Software issues delayed the ID.3 which did not help.
VW has already set aside hundreds of millions of euros for this.
2020 fleet emissions need to be 95 g/km.
The European Union put forth a plan to reduce CO2 emissions some years ago. The goal is to reduce the overall emissions of a manufacturer’s fleet of new vehicles. Volkswagen, which sells SUVs, cars, trucks, and EVs, was hoping to reach the imposed target for 2020 however will narrowly miss and need to pay fines.
The target set by the EU for 2020 is a fleet average of 95 g/km. This allows a carmaker to sell higher CO2 emitting vehicles as long as they are offset by lower- or zero-emission vehicles. According to Automotive News Europe (subscription required), average emissions in 2019 were of 122.4 g/km. This helps explain why many automakers have missed their targets for 2020.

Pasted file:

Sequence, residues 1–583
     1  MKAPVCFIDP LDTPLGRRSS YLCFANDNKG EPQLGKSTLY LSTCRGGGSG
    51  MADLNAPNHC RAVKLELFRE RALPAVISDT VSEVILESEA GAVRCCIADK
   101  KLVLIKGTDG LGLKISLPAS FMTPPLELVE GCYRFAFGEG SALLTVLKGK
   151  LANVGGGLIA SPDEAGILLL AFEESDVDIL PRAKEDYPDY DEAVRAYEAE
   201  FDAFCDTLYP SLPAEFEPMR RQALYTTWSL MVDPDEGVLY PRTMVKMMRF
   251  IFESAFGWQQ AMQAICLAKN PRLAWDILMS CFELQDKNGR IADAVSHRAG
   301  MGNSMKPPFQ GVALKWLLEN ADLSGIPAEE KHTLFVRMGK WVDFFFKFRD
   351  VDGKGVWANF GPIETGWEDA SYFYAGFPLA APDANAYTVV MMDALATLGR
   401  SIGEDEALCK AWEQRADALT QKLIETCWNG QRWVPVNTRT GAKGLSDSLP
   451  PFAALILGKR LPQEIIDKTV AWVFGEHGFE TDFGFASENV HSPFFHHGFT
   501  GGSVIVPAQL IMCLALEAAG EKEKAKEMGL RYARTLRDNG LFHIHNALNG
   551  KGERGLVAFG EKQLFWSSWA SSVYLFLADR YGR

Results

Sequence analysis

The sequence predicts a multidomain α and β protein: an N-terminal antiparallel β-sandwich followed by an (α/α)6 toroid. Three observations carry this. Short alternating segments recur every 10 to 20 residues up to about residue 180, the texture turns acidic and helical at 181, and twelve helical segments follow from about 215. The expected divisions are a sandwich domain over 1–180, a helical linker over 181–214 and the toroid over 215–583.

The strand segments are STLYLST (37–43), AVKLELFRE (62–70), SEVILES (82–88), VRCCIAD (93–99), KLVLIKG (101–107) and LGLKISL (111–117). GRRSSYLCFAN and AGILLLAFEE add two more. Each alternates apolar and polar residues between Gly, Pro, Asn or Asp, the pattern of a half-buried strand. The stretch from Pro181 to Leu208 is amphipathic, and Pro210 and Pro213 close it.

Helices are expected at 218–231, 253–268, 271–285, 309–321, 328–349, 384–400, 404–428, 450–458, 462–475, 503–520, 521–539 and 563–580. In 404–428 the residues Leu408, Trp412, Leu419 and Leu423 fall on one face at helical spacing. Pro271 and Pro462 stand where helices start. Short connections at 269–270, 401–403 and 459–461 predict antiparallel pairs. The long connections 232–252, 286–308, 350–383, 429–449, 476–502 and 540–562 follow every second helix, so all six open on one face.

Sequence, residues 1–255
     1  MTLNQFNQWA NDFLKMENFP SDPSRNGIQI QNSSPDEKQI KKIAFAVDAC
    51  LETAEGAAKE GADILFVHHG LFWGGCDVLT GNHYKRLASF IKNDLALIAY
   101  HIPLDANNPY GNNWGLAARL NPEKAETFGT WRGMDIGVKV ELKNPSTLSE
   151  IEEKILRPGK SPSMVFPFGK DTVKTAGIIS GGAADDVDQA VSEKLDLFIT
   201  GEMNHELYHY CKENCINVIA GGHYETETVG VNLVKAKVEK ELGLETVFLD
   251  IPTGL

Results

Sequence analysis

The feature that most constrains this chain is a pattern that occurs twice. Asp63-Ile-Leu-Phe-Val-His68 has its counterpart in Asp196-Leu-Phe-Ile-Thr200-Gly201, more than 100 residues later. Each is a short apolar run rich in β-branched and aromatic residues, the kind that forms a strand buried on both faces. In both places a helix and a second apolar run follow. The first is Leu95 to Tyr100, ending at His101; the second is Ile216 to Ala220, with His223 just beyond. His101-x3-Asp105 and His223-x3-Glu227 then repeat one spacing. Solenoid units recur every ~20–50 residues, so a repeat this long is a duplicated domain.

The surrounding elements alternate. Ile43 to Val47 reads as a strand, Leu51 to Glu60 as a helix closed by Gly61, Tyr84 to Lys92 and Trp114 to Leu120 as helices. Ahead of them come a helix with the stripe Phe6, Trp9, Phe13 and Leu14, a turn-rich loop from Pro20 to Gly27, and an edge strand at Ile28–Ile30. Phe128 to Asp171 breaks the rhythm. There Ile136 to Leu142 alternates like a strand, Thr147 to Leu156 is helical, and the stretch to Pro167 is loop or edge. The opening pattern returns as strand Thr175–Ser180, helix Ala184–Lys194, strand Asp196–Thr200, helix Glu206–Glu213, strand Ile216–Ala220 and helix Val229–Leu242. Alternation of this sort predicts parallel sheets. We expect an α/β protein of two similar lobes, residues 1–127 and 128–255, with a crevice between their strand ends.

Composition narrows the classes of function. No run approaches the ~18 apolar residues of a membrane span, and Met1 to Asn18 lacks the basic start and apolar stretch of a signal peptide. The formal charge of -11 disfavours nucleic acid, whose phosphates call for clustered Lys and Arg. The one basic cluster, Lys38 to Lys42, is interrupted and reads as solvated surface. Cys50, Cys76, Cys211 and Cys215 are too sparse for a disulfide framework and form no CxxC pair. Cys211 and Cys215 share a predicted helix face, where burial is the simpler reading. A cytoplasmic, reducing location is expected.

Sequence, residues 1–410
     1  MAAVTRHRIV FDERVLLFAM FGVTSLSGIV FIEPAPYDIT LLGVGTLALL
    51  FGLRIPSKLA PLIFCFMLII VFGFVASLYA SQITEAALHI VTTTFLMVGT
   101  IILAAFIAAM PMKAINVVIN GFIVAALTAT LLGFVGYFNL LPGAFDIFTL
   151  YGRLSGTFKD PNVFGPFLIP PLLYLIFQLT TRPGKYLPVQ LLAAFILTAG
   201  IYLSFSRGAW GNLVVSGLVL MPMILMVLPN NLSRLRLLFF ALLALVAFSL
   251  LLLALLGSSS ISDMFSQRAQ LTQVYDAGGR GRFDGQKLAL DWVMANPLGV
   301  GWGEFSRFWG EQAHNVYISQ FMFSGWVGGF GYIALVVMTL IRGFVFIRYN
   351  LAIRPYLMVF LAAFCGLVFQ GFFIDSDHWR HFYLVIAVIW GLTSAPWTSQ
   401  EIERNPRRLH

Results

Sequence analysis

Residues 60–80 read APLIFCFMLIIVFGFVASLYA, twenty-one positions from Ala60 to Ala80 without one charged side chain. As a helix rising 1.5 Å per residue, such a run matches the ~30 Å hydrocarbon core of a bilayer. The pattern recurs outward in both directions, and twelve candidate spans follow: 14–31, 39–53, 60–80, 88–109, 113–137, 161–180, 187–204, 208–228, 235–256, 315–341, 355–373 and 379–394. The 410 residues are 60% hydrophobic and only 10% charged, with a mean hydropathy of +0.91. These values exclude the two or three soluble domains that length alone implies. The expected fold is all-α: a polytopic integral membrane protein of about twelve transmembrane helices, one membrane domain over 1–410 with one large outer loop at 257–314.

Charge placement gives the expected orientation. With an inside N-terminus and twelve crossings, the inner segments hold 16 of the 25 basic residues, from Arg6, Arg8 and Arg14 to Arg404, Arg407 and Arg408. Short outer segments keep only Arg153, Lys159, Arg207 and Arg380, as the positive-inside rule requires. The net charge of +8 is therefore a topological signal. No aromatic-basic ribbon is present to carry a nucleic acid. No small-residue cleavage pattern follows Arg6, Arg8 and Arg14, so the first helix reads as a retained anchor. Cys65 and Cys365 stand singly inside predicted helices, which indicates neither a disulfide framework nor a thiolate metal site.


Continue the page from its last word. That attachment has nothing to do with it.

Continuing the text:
Volkswagen hoped to be ready for 2020 with the launch of the ID.3 however software issues delayed the car’s introduction. “VW CEO Herbert Diess said the automaker will be within only “a gram or so” of its EU target.”
Volkswagen has decided to pool its fleet MG Motor, a subsidiary of VW’s Chinese joint venture partner SAIC. The arrangement will reduce the German car company’s fleet average by only 0.3 g/km.
As for 2021, VW CFO Frank Witter said that “the automaker was “quite comfortable” about compliance next year and in the longer term for the European market.”
In the last few days alone, we reported that Honda was combining its fleet with that of Tesla and FCA and that Ford joined Volvo’s fleet to avoid paying fines.